A: Whether anyone notices it or not or comments on it or not, the teaching of writing in universities is a disaster. [There is] the conviction on the part of many composition teachers that what they are really teaching is some form of social justice, and that the teaching of writing … takes a back seat. And in fact in many classrooms the teaching of writing as a craft as something that has rules with appropriate decorums … is in fact demonized as an indication of the hegemony of the powers that be. This happens over and over again in classrooms and it’s an absolute disaster.
As Fish himself puts it, “’You
guys Professor Fish don’t know what you’re talking about! What if I came to your offices and told you within five minutes and without having any experience … what it is you should be doing, you’d throw me out, laughing me out of the room.’ Well that’s what we should be doing…. ‘What do you know about 18th-century French poetrywriting pedagogy or what is happening in any of the tens of thousands of different writing classes in this country? …'”
First off, the implication that partisan politics is typically present in writing courses is just flat-out wrong. Show me a writing course– particularly a first year writing course– where there is an overt political agenda (e.g., “all students this semester will write essays researching and supporting the proposition that George W. Bush ought to be impeached”), and I will show you a writing program administrator speaking to that instructor and saying “hey, you can’t really do that.”
And clearly, writing teachers still teach “rules” and “appropriate decorums” in writing classes. It is just that we probably don’t teach them the way Fish would like us to teach them, because the scholarship and practices of the field of composition studies (which, clearly, Fish is unaware even exists) for decades has indicates these rules and decorums are best taught within the context of actual writing. As one of my colleagues puts it, we do not not teach grammar.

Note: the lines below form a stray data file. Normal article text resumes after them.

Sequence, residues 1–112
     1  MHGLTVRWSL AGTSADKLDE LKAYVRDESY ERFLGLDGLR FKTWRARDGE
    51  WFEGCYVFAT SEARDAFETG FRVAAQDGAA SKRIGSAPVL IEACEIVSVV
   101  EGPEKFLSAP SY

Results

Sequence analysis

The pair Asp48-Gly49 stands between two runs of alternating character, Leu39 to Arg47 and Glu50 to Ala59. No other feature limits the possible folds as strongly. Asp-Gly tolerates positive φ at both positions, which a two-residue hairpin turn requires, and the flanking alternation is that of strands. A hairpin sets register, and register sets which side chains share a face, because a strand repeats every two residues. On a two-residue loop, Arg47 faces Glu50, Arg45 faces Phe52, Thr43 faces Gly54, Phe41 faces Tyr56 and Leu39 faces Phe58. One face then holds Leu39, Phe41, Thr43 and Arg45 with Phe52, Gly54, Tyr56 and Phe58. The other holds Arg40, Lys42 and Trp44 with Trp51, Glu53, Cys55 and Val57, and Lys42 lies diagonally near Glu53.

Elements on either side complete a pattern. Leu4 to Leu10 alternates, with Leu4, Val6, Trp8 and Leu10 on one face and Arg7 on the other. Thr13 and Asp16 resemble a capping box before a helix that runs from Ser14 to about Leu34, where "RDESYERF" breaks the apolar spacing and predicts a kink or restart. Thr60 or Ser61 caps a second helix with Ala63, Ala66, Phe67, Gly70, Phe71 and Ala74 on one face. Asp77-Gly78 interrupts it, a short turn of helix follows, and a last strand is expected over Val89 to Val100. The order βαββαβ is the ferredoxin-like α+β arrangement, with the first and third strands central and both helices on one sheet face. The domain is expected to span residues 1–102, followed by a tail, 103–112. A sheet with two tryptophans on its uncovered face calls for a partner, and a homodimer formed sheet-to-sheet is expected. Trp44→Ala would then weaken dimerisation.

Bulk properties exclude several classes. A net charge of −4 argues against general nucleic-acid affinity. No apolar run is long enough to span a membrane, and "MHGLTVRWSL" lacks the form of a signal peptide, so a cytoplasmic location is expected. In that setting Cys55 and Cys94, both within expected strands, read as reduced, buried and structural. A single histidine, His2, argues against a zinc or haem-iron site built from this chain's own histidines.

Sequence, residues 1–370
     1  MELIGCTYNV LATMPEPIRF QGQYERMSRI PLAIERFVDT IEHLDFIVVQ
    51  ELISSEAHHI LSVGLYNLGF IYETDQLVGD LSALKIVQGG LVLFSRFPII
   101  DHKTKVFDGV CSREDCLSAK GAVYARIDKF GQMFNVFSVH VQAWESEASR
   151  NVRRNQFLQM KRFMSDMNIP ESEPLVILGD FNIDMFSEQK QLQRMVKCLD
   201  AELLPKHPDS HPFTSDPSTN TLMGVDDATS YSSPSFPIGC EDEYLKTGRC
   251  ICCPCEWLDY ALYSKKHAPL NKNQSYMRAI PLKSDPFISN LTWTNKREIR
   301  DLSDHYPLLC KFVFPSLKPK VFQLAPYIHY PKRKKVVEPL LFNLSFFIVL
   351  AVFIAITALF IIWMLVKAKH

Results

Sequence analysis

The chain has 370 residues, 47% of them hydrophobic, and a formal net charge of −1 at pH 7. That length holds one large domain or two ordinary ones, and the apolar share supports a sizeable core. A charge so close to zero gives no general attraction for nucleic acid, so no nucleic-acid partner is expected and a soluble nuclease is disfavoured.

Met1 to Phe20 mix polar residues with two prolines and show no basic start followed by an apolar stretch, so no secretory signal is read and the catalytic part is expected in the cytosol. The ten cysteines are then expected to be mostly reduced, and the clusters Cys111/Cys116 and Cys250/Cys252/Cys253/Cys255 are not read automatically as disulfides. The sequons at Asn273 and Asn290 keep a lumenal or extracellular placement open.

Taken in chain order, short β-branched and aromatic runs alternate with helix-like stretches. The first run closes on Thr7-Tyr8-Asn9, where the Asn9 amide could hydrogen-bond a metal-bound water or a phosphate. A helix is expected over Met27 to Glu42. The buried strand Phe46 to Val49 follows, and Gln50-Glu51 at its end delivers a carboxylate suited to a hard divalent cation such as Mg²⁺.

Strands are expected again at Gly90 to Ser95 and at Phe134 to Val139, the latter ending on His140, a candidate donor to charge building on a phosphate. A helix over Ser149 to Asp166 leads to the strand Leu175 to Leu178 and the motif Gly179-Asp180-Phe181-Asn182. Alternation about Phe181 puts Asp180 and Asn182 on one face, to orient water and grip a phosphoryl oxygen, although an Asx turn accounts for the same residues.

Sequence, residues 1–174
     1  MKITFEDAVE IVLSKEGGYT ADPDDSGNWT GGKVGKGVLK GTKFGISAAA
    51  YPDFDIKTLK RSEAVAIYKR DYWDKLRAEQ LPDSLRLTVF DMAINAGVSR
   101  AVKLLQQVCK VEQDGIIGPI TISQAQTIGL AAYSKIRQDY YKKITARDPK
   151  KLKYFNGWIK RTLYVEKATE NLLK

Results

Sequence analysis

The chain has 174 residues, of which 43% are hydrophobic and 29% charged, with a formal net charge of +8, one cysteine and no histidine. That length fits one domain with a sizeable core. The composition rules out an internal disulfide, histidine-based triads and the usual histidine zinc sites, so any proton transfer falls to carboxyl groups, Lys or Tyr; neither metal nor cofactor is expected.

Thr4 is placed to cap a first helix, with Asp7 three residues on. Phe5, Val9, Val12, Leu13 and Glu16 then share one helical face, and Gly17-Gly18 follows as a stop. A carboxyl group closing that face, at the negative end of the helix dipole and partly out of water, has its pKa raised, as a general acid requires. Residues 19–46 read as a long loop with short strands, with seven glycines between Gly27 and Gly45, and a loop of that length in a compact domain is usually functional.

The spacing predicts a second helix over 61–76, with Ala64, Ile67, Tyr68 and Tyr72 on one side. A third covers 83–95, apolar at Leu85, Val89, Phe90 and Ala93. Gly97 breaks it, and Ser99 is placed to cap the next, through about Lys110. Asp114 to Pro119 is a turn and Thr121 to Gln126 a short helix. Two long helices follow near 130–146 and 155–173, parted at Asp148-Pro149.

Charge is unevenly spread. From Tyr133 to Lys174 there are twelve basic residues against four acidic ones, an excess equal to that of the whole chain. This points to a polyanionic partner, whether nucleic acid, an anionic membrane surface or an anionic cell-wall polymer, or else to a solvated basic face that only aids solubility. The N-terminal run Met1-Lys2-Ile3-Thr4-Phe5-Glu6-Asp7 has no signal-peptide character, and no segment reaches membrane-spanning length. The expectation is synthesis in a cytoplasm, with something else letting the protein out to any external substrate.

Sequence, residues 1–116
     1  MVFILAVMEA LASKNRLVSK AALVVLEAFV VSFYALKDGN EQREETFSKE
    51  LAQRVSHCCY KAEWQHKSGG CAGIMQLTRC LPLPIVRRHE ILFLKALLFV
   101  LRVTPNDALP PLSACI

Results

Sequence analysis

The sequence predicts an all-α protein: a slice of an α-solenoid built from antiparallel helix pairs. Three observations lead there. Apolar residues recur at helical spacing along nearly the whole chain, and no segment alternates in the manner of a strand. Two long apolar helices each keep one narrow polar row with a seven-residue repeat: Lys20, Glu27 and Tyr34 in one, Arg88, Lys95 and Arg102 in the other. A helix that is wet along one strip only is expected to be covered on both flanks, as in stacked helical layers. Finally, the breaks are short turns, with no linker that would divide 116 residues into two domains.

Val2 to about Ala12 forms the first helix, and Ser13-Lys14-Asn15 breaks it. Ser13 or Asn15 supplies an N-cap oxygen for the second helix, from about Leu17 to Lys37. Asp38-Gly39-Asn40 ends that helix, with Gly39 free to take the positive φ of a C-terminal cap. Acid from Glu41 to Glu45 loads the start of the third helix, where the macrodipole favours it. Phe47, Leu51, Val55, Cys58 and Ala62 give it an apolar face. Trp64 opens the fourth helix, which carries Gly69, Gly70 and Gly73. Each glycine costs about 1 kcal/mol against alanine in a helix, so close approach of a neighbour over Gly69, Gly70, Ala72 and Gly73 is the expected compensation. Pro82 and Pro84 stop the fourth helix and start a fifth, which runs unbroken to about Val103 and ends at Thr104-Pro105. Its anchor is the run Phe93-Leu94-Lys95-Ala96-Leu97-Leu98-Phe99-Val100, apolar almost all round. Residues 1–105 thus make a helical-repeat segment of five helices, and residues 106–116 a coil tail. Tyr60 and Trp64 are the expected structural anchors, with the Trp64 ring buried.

Second, as Fish surly knows, rhetoric has always been something more than “craft” or correctness. It has always involved a consideration of “truth” (or, as the political conservative Plato would have it, falsehoods), it has always been about persuasion, it has always been about teaching civics, and it has always implied certain social/political judgements (“good men speaking well”). The very act of teaching rhetoric suggests that there may be more than one answer to a problem, and that is at odds with a great many conservatives in this country.
Sure, teaching writing is about “social justice” to an extent; but so is teaching everything else, especially in public universities and community colleges that extend education to a population that wouldn’t have had access to it a few generations ago. Public education– particularly public higher education– is clearly a political issue with partisan divisions. Generally speaking, conservatives want to spend fewer tax dollars on such things, and liberals want to spend more. This tug of war has been going on in the state of Michigan for some time now, where we have a legislature with a slight Republican majority and a governor who is a Democrat, and it is something that is potentially going to play itself out on the national stage in politics this year. I believe Obama has already advocated more money for higher education funding because of “social justice” and the importance of access to higher education for people to better themselves; my guess is that McCain and his ilk will present a different message about self-sustainability, lower taxes, pulling ones self up by bootstraps, etc.
So, given this, how can I practice my job and not advocate “social justice?”
It’s sad and intriguing to see Fish become such a crabby old man who has been empowered by the New York Times and other publications to spout on topics he clearly knows nothing about. I have to wonder how much longer that is going to last; at what point will he embarrass himself?